Don’t you suppose such behavior is unfitting for God’s children and Christ’s ambassadors who are called to be the salt of the earth and the light of the world? (Matt. 5:13-16) Were we not exhorted from God’s word, "Be wise in the way you act toward outsiders; make the most of every opportunity?" (Col. 4:5) Are we not commanded to live our daily life in such a way that it would win the respect of outsiders? (1Thess. 4:12)

Losing to Gain
Remember, when we love material things and our own ambitions more than the gospel and the lost souls, we become quick-tempered, displaying folly and unchristian behavior. I am afraid this is what the non-Christians are witnessing in us in workplaces, on streets, in shopping malls, in our neighborhood and as they pass by our homes?

So, I suppose, it is better to become losers than react in a way that would disrepute the message of the gospel. Don’t you think—when we lose our patience, we may lose a soul too? 

Now this does not mean we have to always let others to step on us like a doormat and we have to simply lay silent. When misbehavior is manifested or when injustice is done, we can confront the offensive person or raise our voice towards injustice, but this is done not as the worldly people generally do—yelling, threatening and behaving violent. It should be done with appropriate Christian behavior and biblical standards.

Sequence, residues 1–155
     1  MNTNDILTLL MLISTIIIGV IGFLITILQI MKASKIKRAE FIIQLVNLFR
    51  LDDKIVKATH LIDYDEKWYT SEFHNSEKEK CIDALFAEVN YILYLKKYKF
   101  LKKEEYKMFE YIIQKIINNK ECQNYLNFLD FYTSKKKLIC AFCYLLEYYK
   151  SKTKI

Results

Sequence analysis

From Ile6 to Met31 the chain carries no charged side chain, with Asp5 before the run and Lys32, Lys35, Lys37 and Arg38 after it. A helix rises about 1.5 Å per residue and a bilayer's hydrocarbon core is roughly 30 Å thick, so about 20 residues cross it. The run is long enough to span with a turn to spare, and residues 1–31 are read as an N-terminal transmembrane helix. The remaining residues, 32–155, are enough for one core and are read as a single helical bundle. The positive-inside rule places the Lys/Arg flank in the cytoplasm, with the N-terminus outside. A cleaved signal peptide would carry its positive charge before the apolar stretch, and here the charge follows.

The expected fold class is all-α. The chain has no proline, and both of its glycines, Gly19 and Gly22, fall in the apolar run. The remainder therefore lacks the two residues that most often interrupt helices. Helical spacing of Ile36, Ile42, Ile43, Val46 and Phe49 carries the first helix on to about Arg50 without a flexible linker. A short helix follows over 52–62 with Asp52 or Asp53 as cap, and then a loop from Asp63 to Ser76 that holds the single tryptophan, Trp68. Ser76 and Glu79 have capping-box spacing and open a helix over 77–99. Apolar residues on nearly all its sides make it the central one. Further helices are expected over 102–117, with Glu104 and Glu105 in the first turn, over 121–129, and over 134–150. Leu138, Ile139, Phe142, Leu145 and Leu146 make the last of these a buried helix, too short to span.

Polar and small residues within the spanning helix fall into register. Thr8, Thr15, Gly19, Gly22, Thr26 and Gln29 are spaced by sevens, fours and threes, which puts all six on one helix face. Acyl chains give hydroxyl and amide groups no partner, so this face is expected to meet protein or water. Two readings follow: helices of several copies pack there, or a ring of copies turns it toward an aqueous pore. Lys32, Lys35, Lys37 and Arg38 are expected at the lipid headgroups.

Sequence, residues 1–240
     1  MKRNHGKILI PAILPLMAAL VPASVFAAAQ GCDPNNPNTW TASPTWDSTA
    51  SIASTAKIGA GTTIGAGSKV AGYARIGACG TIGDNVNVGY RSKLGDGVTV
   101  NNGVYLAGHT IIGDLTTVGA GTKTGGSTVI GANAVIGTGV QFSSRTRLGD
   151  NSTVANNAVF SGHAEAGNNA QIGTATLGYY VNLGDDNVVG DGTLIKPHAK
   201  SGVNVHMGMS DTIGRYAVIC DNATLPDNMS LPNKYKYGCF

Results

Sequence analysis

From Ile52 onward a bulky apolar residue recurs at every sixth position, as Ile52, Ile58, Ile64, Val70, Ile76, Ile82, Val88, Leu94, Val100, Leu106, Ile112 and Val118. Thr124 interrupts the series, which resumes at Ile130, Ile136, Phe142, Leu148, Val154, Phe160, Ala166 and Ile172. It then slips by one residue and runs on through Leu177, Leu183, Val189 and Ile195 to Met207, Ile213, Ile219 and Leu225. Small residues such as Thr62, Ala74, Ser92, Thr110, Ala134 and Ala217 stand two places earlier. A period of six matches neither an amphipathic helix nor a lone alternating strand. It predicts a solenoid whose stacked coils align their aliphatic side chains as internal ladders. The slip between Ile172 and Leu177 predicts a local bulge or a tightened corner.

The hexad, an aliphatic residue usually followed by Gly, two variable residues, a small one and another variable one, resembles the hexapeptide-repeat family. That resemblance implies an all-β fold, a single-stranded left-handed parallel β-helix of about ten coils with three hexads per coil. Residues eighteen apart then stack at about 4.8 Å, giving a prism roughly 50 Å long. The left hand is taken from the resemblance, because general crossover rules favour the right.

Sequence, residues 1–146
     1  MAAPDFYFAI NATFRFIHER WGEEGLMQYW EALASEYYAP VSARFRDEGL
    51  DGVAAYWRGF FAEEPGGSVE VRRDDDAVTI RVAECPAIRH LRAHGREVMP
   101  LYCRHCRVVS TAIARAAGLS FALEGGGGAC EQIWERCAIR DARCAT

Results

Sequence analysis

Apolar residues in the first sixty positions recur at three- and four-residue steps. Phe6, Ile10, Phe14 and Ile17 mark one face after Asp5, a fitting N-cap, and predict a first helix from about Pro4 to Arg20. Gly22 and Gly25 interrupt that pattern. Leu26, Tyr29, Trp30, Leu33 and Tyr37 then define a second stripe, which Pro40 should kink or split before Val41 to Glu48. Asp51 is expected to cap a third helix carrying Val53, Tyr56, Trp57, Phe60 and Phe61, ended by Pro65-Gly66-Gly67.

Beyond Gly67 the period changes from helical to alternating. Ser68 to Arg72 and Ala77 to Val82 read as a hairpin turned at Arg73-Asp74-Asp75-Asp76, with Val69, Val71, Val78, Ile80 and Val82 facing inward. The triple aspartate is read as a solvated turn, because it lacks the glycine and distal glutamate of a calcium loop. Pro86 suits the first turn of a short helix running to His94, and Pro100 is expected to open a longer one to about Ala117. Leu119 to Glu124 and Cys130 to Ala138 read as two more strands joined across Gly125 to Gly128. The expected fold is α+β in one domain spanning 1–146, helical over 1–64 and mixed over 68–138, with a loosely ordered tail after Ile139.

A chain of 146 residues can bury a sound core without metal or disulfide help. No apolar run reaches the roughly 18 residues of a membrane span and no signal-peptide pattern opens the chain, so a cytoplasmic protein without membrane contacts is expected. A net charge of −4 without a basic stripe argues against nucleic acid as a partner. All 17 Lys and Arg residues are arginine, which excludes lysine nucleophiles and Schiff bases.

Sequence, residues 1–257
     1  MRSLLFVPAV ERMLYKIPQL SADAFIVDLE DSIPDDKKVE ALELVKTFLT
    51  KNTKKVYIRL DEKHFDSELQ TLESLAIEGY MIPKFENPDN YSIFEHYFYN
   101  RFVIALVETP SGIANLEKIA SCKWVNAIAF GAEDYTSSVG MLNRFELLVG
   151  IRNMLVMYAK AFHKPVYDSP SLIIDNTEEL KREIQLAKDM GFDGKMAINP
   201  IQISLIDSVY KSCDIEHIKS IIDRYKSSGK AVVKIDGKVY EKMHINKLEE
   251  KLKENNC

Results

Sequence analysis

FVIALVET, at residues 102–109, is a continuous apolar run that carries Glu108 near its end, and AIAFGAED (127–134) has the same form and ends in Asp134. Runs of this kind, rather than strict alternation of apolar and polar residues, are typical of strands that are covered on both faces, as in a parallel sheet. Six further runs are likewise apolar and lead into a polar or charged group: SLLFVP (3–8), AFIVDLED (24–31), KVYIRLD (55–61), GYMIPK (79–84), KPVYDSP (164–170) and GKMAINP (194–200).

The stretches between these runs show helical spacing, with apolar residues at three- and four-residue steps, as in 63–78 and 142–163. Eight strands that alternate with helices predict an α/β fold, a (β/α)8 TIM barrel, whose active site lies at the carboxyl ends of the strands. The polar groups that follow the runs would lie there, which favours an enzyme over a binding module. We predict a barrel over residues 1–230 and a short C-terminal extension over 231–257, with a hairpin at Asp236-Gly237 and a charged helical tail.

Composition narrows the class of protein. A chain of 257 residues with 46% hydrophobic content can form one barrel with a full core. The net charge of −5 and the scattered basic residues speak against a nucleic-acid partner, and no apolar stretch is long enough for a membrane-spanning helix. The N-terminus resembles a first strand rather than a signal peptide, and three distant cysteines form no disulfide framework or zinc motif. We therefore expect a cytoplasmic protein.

As we live in a crooked world where things do not occur according to our expectations, we must be careful about how we speak and behave with the worldly people. As much as possible, we ought to be kind and gentle. And, yes, I don’t deny the fact of facing certain situations where we may have to be firm but without being fierce, bold but without being blunt and hard but without being harsh.

I have learned that when things go wrong, my response should be such that I should not be ashamed to preach the gospel later, although I fail at times and repent.

Carrying the Ark of the Gospel
Remember, folks, we carry the ark of the gospel wherever we go. Make sure we do not let it be disgraced by our ill conduct. Because we exist in this world, not for our desires and their fulfillment sake but for the glory of God, we need to know that our lifestyle has a stake in the spread of the gospel of Christ Jesus.

Therefore, let us be different and make a difference, even if it costs us to become losers for the sake of the gospel of Christ. And, I believe, we cannot become radical losers unless our passion grows and conforms to the passion of Paul who passionately said:
"I consider my life worth nothing to me, if only I may finish the race and complete the task the Lord Jesus has given me--the task of testifying to the gospel of God's grace." (Acts 20:24)

"I have become all things to all men so that by all possible means I might save some." (1Cor. 9:22)
"Do not cause anyone to stumble, whether Jews, Greeks or the church of God--even as I try to please everybody in every way. For I am not seeking my own good but the good of many, so that they may be saved." (1Cor. 10:32-33)